I følge en offisiell undersøkelse mener 6 av 10 at religion, ikke rase, er den mest splittende samfunnsfaktoren i dagens Storbritannia. Undersøkelsen er gjort av myndighetenes Likhets- og menneskerettighetskommisjon (Equalities and Human Rights Commission).
Following the July 2005 bombings by Islamic terrorists on London’s transport network and the tensions caused by the war in Iraq, religion has become the factor most likely to divide communities.
The poll found that 64 per cent of Muslims thought religion was ‘a more divisive issue than race’ – compared with an average of 60 per cent for the general population.
They were also least likely to be happy for their children to marry someone from a different religion.
Only a third would be content, compared to 70 per cent of the general population, 65 per cent of black or African Caribbean and 65 per cent of non-Muslim Asians.
In general, Muslims were happier for a child to marry someone of a different race than religion.
Some 61 per cent suggested they would be content with this.
Muslimske briter er også mer enige i at «forskjellige grupper bør få være fri til å utvikle seg langs forskjellige linjer og bør ikke tvinges til å integrere seg i det britiske samfunnet» enn den ikke-muslimske delen av befolkningen.
Some 44 per cent either strongly agreed or tended to agree, even though the Government wants to encourage integration, and move away from the discredited dogma of multiculturalism.
The survey of attitudes in society was commissioned to mark the tenth anniversary of the Macpherson report into the racist murder of the black teenager Stephen Lawrence.
It follows a speech by the Commission’s chairman Trevor Phillips, who yesterday told the Mail that Britain is ‘by far the best place in Europe to live if you are not white’.
Phillips mener at begrepet «institusjonell rasisme», først benyttet i Macpherson-rapporten, ikk burde brukes for å beskrive offentlige institusjoner. – Uttrykket har blitt kapret av hvite som er på en guilt-trip og nekter å anerkjenne fremskrittene som er gjort i Storbritannia for å bedre raserelasjoner, sa Philips, som advarte mot økende religiøse motsetninger:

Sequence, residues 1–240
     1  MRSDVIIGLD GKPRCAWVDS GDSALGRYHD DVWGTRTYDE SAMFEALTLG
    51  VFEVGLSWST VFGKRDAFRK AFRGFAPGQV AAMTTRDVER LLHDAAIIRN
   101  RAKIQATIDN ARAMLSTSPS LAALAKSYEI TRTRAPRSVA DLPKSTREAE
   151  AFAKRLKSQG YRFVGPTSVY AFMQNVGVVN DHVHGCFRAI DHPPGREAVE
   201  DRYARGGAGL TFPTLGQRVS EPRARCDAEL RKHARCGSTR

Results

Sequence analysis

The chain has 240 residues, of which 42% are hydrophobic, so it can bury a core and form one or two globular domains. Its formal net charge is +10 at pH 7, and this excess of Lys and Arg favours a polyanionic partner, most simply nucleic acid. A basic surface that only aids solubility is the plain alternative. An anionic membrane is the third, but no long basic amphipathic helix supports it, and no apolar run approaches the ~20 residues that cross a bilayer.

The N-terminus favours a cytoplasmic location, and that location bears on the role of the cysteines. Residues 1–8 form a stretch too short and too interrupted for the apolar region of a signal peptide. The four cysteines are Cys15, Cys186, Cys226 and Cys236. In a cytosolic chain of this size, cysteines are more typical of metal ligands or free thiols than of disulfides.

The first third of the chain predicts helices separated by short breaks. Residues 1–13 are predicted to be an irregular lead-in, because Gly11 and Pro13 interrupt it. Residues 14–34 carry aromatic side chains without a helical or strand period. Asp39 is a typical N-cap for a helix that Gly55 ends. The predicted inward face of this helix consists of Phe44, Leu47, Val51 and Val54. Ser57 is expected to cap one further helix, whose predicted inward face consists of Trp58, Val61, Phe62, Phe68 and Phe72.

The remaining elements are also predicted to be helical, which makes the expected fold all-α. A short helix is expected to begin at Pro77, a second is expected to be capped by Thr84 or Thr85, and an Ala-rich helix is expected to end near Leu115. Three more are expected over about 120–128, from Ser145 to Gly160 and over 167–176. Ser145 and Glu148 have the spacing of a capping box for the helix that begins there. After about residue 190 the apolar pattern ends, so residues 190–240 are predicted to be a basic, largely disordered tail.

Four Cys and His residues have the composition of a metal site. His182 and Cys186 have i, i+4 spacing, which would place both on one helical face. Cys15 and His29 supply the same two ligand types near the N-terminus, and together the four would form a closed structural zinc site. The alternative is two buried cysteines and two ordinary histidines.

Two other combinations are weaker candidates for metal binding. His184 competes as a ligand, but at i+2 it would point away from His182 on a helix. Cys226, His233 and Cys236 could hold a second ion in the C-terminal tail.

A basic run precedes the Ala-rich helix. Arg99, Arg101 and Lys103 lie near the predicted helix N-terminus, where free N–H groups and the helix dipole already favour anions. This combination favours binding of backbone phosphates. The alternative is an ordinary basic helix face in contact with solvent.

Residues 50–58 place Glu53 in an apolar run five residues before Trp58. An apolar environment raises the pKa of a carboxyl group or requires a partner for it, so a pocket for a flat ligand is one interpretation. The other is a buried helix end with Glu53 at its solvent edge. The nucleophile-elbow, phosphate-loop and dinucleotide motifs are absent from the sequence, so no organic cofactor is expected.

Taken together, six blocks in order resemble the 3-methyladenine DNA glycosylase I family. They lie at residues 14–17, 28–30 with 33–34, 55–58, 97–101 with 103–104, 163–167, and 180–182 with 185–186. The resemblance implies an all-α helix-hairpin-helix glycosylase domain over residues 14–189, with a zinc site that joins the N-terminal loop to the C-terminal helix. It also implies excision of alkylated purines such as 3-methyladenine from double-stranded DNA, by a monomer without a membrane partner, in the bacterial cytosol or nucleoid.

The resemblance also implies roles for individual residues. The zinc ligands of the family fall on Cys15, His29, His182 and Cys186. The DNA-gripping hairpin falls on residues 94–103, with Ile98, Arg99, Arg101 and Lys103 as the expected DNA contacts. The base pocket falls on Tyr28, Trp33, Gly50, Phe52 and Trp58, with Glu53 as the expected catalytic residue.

The Ipsos MORI poll confirms that Britons are ‘increasingly at ease with racial diversity’, the Commission added.
Half of us are also optimistic that we will have a more tolerant society in ten years.
Among ethnic minorities, 58 per cent are optimistic for the future.
Meanwhile, 56 per cent think it likely Britain will have a black, Asian or mixed-race prime minister in the next ten to 20 years – a timely prediction on the day that Barack Obama becomes the U.S.’s first black president.
But there was continuing scepticism among ethnic minority groups about the police.
When asked to consider the investigation into Stephen’s murder, 53 per cent believed there would be similar failings today, if officers were to investigate such a crime.
Mr Phillips said: ‘At this historic moment, when America has chosen its first black leader, it is heartening to recognise that here in Britain we have a sophisticated sense of our own identity and an appreciation and interest in difference. But we can’t be complacent.
‘The survey points to emerging religious divisions. And as we mark a darker moment in our own history – the tenth anniversary of the inquiry into the murder of Stephen Lawrence, it is clear the police still have work to do to convince our ethnic minority communities they deserve their trust.’